Archives

Hummersea House

Entitled Hummersea House, this image is more recognisable to many as Hummersea Farmhouse. Hummersea Farm was originally built for the Manager of the Alum quarries and works, the farm house being built to the right in an ā€™Lā€™ shape layout. The photographer obviously ensure the whole family were in view when he arrived to take this image, all in their best clothes? Perhaps somebody can identify the family?

Image courtesy of a supporter of the Archive.

National Provincial Bank – Loftus

Alas no longer a bank, this building in later years and before it finally closed it was better known as the Natwest. I can remember there being a National Provincial bank, becoming the National Westminster bank and then Natwest. How the interior of the building changed would be apparent to all who used the building in later years.

Image courtesy of a supporter of the Archive.

Loftus Frozen Waterfall 1929

Obviously it was a cold winter in 1929! This postcard view give a dramatic view of the intensity of the cold weather, the waterfall appears as a solid wall of ice. Brrrr.

Image courtesy of a supporter of the Archive.

Lumley Street Loftus

Another early view of Loftus; the are of Loftus known to many of the older generation as ‘The Brickyard’; being close to the original brick production yard near the Mars Inn (originally Mars Farmhouse). The style of dress of the young lads lounging against the window of number 1, give and idea of the date.

Image courtesy of a supporter of the Archive.

Cliff Crescent Loftus

An early view of Cliff Crescent, Loftus; this view of the Crescent will be familiar to all who travel through Loftus after ascending Loftus bank. The pony and trap on the incorrect side of the road gives an idea of how light the traffic flow would be at the time this postcard view was taken.is a good start. Such an activity today, discounting the vehicles kerbside parked would be a recipe for disaster.

Image courtesy of a supporter of the Archive.

The Saltburn Cafe 6

This final image finally has some staff(?) in view, that is the assumption; with a person behind the cafe counter. Although the two ladies in the door way can also be seen in the first interior view; standing in the double doors looking out over the front steps from the corner of Spa Bank and the lower promenade. Do you know whom they are?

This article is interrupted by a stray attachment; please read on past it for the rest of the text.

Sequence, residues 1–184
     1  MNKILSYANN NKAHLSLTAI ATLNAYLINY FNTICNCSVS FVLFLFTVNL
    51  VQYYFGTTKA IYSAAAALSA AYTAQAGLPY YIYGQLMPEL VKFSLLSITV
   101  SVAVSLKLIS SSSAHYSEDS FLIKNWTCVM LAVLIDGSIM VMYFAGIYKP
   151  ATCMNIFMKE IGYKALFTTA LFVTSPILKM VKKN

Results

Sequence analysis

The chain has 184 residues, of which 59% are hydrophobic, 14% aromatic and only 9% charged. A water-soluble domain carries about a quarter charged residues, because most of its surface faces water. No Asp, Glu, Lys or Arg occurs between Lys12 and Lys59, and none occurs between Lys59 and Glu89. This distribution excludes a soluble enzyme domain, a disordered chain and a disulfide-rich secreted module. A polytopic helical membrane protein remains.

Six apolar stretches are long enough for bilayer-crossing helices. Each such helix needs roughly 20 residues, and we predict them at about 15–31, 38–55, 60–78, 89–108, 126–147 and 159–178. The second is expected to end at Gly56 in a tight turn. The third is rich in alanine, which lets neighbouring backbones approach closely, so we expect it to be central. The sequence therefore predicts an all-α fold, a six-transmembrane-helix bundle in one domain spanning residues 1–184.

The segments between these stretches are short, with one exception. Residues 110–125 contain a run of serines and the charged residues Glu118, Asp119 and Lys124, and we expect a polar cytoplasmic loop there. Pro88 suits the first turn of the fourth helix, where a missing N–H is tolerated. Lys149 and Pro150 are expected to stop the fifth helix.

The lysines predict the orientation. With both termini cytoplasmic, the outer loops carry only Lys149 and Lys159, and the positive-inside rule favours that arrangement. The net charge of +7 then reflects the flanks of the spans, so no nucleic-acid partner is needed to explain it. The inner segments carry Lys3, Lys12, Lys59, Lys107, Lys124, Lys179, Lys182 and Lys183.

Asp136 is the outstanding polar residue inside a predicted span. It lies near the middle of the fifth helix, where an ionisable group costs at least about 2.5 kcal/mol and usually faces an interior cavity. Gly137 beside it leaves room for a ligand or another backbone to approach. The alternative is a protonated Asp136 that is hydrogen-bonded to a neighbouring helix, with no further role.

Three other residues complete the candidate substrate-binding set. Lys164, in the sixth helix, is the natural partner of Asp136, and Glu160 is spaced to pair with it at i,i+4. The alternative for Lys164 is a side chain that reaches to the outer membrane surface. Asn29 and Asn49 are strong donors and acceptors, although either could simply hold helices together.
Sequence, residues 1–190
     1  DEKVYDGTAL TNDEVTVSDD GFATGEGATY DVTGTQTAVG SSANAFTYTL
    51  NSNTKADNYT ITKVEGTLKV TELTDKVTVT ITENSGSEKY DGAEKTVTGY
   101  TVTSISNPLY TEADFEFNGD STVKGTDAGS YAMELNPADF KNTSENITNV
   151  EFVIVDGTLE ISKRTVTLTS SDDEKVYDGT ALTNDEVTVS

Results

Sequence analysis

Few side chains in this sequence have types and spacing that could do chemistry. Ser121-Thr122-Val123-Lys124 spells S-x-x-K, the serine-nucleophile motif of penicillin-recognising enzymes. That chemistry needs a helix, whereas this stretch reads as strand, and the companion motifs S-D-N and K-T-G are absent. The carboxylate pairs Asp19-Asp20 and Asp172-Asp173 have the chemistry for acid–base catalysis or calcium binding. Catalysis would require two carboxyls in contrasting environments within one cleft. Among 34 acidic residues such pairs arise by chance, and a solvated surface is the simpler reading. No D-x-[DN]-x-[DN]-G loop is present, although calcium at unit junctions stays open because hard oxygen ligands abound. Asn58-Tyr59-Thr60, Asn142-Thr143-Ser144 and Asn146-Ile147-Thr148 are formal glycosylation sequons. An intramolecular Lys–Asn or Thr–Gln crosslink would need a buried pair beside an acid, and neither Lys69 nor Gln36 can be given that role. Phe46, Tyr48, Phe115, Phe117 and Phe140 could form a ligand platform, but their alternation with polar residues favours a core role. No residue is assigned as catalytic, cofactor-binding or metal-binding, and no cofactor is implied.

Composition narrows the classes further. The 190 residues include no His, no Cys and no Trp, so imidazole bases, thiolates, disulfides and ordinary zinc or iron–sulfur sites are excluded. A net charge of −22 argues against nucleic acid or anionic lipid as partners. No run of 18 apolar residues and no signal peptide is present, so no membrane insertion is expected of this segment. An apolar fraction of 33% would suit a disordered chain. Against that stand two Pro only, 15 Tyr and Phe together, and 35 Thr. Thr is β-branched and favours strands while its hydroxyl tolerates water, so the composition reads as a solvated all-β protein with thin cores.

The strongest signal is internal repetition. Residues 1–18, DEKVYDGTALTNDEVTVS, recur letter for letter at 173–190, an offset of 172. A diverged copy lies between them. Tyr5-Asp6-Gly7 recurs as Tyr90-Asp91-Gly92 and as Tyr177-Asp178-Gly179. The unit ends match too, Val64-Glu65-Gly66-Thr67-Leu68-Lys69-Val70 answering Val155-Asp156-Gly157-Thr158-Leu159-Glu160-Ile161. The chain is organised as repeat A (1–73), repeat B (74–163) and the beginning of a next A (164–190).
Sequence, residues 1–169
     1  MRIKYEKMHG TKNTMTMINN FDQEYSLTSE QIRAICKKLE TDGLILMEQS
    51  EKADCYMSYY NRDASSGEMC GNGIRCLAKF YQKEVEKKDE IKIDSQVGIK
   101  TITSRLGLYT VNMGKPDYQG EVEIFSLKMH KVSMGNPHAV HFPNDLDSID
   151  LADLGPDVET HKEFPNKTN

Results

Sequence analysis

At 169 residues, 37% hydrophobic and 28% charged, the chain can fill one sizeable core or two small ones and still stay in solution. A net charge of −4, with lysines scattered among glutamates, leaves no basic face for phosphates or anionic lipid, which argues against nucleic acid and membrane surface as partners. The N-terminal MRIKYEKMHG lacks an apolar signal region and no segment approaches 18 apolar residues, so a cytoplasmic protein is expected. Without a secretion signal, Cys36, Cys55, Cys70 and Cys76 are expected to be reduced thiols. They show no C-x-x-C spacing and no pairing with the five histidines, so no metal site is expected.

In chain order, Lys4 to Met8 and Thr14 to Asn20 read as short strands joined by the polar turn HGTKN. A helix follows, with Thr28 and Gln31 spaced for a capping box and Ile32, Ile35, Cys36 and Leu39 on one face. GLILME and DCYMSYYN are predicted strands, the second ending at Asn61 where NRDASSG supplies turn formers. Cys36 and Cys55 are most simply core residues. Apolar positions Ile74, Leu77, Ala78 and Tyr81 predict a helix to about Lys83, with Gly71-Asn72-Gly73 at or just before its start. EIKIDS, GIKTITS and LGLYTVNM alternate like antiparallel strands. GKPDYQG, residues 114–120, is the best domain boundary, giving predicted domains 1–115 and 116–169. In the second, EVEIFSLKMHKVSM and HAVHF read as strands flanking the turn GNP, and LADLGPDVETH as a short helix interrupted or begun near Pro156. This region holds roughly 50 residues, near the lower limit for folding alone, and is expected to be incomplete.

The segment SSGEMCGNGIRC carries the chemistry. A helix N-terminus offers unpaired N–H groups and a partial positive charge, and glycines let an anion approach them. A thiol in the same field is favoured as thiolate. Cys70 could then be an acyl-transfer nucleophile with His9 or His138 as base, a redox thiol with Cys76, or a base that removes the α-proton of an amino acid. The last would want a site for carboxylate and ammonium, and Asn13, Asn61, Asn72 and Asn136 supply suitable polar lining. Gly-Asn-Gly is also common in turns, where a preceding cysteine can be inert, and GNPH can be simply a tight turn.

Image and information courtesy of Reg Wilson, additional information courtesy of Ancestry, Find My Past and Callum Brown.

The Saltburn Cafe 5

This fourth interior view (which if in the correct sequence should go between images 2 and 3), has a noticeboard which includes a poster for “The Little Theatre – Cabaret” with the opening night on July 9th. Year unknown, as yet; perhaps one of our watchers can assist? As with other pictures in this sequence, very few customers can be seen.

Image and information courtesy of Reg Wilson, additional information courtesy of Ancestry, Find My Past and Callum Brown.

The Saltburn Cafe 4

This third interior view, obviously pans further round the cafe, showing the staircase to the upper floor. The use of windsor style of chairs give an idea of the quantity of customers the cafe could cater for at any one time. I have memories of the cafe in the 1950s, when with my mother of tea and other refreshments could be purchased from the cafe and taken to the beach. The crockery was a more basic white crockery; but complete with tea pot and was always returned to the cafe after use. No throw-away paper or plastic in those days; and obviously breakages must have had to be paid for! Does any of our watchers rmember these times.

Image and information courtesy of Reg Wilson, additional information courtesy of Ancestry, Find My Past and Callum Brown.

The Saltburn Cafe 3

This view, number three in the series, is almost a reverse of the previous image; looking toward the side entance from Spa Bank. Obviously the wooden slatted chairs would be more easily stored when only the inside seating could be utilised in the event of inclement weather. Researches have revealed that by the 1939 Census Betty had married Alan Swift and moved to live in Middlesex. Reg Wilson was told by his mother: “Alan Ward was a notable cricketer”. The Archive is still researching this detail, Alan Swift in the 1939 Censu is recorded as an Assistant Solicitor;but would welcome any additional inforamtion our viewers can add.

Image and information courtesy of Reg Wilson, additional information courtesy of Ancestry, Find My Past and Callum Brown.

The Saltburn Cafe 2

The second postcard view of The Saltburn Cafe, is the first of a series of five interior views of the cafe; looking out towards the pier (complete with the then familiar shelter on the end. Reg Wilson advised “My mother could remember that the manageress at that time was a Betty Osborne.” By the time of the 1939 Census (taken at the outbreak of WWII) the occupants of the cafe (which included accommodation in the upper storey) was a Miriam Osborne (55 year old widowed mother of Betty) and others. The glass topped tables and ratan chairs are very typical of that period, as well as the patterned crockery on the tables; giving an idea of the high status the cafe may had at that time.

Image and information courtesy of Reg Wilson, additional information courtesy of Ancestry, Find My Past and Callum Brown.